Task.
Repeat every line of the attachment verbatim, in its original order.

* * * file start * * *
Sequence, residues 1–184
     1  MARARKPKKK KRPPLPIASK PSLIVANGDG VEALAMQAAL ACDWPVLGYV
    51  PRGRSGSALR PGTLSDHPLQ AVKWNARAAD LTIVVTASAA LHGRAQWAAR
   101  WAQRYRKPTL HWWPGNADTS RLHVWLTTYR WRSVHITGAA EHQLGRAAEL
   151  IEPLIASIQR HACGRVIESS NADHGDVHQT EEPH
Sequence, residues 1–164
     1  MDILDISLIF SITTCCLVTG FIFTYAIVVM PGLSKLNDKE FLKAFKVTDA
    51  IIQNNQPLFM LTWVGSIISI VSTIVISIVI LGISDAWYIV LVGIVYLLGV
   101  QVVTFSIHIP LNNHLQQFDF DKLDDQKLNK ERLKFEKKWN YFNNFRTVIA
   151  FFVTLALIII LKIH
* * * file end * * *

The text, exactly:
Sequence, residues 1–184
     1  MARARKPKKK KRPPLPIASK PSLIVANGDG VEALAMQAAL ACDWPVLGYV
    51  PRGRSGSALR PGTLSDHPLQ AVKWNARAAD LTIVVTASAA LHGRAQWAAR
   101  WAQRYRKPTL HWWPGNADTS RLHVWLTTYR WRSVHITGAA EHQLGRAAEL
   151  IEPLIASIQR HACGRVIESS NADHGDVHQT EEPH
Sequence, residues 1–164
     1  MDILDISLIF SITTCCLVTG FIFTYAIVVM PGLSKLNDKE FLKAFKVTDA
    51  IIQNNQPLFM LTWVGSIISI VSTIVISIVI LGISDAWYIV LVGIVYLLGV
   101  QVVTFSIHIP LNNHLQQFDF DKLDDQKLNK ERLKFEKKWN YFNNFRTVIA
   151  FFVTLALIII LKIH